Also, too — a week or so after I had knee surgery to replace my torn ACL, the story about infected tissue being transplanted into patients came out and I got to have several days of being paranoid that my new ACL was going to kill me.

    Apparently I was supposed to not have the injury repaired because if something bad had happened, it was only my vanity of wanting to have a fully working leg that would have endangered me and not, say, the poor infection control procedures of the companies that were harvesting donated tissue.

  20. 20
    Schlemizel says:

    @Mnemosyne:

    I think doctors are being pushed into some unnecessary stuff by patients in some cases “Ask your doctor if meningitis is right for you!” and by the need to earn the sorts of money they feel entitled to but have to finagle because of insurance companies putting profit over people.

    But lets pretend we had fixed those issues – this situation would have still existed, people would still have dies because of tainted meds sold by a greed bastard who was allowed to operate without proper oversight because HEAVEN FORFEND we wouldn’t want to impede the job creators with unnecessary regulation!

  21. 21
    jl says:

    @Mnemosyne:

    Unfortunately, you have both unscrupulous doctors and patients who want easy fixes for everything, including bad health habits. So, maybe both deserve stories backed up by data? Maybe?

    Every pharmacist and doc I talk to says drug seeking is a huge problem. But do the vast majority of patients engage in drug seeking behavior? No. The vast majority don’t. That is why designing detection methods is so difficult, since unless you have an almost perfect algorithm you will get tons of false positives, which is very bad, especially for opiates. Excellent way to totally piss off a patient.

    But, how does the average patient know where the medical group gets the drugs? In some parts of the country, does the patient have easy access to anything put a maybe sketchy for profit specialty medical clinic? Who knows, who cares? The writer just throws in some blame all around. It is irritating.

    From what I have heard, the real serious problem that deserves a story is how such an outrageous practice like NECP was allowed to operate. But that might be too touchy a subject, since a lot of money is made off operations like that.

    Edit: seriously, everyone who knows about how compounding pharmacies should work says this was a case closed simple situation: as soon as a regulator read about what it doing, should have gone down there and shut the place down and investigated how it managed to get its operation going in the first place.

    Compounding pharmacies are supposed to produce specialty meds that are not available otherwise, working in a very face to face local way with client.

  22. 22
    Emma Anne says:

    “Experts say”, huh? Experts in how patients who want relief from pain are “enablers and accomplices?” What the fuck?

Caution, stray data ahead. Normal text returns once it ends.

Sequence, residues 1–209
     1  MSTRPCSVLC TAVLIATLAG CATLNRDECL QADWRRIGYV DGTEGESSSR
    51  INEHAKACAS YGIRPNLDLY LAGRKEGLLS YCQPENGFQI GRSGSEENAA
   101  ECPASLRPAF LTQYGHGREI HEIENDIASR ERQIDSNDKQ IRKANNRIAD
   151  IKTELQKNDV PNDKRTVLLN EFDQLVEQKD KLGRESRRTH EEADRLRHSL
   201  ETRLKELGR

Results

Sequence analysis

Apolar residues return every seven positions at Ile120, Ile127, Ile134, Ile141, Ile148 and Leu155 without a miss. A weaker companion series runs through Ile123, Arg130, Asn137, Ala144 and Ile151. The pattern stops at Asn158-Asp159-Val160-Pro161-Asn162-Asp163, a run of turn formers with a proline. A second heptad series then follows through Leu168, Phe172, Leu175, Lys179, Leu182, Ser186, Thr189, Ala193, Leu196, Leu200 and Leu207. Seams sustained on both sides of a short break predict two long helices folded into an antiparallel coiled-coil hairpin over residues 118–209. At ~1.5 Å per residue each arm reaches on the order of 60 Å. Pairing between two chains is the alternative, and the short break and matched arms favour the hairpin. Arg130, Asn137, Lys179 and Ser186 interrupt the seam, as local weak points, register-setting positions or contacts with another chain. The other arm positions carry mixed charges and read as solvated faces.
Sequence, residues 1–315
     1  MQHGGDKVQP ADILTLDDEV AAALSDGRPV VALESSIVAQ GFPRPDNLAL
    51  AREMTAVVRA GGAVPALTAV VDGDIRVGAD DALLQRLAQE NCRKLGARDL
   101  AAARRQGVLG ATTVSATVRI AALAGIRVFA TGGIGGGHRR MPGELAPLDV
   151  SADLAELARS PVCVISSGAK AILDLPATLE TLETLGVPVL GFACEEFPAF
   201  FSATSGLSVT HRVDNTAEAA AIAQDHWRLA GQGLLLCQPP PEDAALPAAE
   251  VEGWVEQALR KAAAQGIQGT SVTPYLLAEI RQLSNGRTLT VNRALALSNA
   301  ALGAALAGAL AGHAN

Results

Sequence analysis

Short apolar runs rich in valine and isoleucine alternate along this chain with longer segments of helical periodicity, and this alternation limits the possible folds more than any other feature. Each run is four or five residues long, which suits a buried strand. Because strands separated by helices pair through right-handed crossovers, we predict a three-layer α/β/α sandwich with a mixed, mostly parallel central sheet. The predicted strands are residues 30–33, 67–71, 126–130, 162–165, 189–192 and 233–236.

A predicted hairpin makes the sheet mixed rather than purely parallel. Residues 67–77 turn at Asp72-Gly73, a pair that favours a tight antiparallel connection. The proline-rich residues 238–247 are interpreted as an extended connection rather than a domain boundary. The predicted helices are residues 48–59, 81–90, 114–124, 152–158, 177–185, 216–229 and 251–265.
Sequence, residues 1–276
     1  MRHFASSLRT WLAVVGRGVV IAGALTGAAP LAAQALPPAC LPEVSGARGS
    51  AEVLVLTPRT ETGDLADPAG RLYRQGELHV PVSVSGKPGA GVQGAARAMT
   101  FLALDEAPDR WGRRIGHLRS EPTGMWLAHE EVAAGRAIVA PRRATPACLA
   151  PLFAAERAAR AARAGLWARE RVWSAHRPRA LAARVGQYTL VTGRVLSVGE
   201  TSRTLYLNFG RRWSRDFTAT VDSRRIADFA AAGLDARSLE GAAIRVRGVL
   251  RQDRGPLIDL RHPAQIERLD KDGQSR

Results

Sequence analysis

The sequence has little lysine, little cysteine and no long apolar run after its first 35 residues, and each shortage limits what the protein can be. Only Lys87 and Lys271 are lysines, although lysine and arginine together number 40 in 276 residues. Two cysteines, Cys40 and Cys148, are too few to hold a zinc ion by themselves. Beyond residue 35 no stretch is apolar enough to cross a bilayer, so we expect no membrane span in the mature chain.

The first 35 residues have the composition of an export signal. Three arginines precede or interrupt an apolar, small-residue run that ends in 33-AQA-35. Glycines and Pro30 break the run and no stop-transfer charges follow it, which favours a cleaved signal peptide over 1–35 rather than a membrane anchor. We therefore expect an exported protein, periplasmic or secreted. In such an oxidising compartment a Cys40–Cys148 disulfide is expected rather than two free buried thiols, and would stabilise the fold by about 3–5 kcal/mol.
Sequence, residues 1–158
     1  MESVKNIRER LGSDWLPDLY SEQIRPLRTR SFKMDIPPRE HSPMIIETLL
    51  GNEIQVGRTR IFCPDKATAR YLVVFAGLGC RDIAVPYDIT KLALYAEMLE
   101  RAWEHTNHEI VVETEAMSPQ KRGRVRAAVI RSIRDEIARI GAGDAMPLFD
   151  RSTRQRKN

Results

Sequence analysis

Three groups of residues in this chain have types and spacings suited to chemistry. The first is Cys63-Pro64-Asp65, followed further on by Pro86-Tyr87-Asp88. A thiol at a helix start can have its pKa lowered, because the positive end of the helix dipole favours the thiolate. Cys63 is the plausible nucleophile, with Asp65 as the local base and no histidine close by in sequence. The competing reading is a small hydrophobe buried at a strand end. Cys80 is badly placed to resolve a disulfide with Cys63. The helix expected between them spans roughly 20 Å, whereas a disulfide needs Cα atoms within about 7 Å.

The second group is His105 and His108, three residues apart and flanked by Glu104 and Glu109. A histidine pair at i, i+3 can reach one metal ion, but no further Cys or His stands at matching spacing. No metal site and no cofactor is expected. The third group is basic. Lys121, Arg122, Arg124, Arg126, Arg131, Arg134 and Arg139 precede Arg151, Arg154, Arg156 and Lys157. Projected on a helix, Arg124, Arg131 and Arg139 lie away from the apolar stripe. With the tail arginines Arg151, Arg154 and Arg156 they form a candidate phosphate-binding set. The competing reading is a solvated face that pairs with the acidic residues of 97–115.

23. 23
    Wag says:

    @efgoldman:

    heaven forbid the FDA should do its fucking job.

    Actually the FDA cannot regulate compounding pharmacies, in the same way that the FDA cannot oversee the production of herbal supplements. The law forbids their regulation, because the medications are “mixed to meet the needs of individual patients” rather than being marketed for the general public.

    Its a BS distinction, with tragic consequences.

  24. 24
    Maude says:

    @Forum Transmitted Disease:
    I think it’s called screaming pain.

  25. 25
    suzanne says:

    @Slugger:

    A drug company would have been watched by the FDA, and a hospital pharmacy would have been under the aegis of JCAHO. These guys had no one watching over their shoulder.

    Increasingly, hospitals and pharmacies are using DNV for licensure rather than JCAHO. Whatever. Your point stands.

    Yanno, I had one experience with chronic pain. I had a bronchial cleft as big as two fists grow in my neck, causing me monstrous headaches. As there was only one ENT practice in Tucson at the time, I had to wait two months for surgery, and I was told that I could only take aspirin, despite begging for Vicodins. I ended up taking so much aspirin trying to stop the pain that I repeatedly barfed all over myself. One day at work, I finally lost my shit and started sobbing, because I couldn’t eat or sleep, and I threatened to cut the fucking thing open with an Xacto knife myself, because then at least I’d get emergency treatment. I called my mother having a total breakdown, and she called the doctor, and apparently threatened him with bodily harm if he didn’t give me narcotics. He wrote me the prescription, and then had the police sent to her house.

    I can’t imagine living like that, and yet, people do. Fuck anybody that dismisses that as indulgent drug-seeking.

  26. 26
    Linda says:

    @lumpkin:

    This. My sister–besides having the family curse of spine problems and arthritis–got thrown from an ambulance about 30 years ago, and her life is one of constant, unbelievable pain. All sorts of collapsed and fused vertebrae. The steroid shots in her back have made her life liveable for
    long periods.
    Please, don’t always knock the “fix.” I can’t even imagine living her life without them sometimes.

  27. 27
    Roger Moore says:

    @jl:

    I’ve talked with docs and pharmacists where I teach, and unanimous opinion is that no responsible anybody in health care should have dealt with the NE Compounding Center.

    This. If people are turning to compounding pharmacies to cut costs (rather than for specialty formulations the drug companies don’t make, which is their intended purpose) the savings are almost certainly coming out of quality control. The FDA may be a bit lax in approving new drugs, but they’re very tough about regulating manufacturing. I hate, hate, hate dealing with FDA stuff in my day job because it’s such a PITA, but when it’s my turn to use a drug it’s nice to know the standards the manufacturers have to meet. Skipping that quality control is pretty much the definition of a false economy.

  28. 28
    Maude says:

    @Linda:
    It’s wonderful that it works for her. It makes the difference between functioning and not functioning.

  29. 29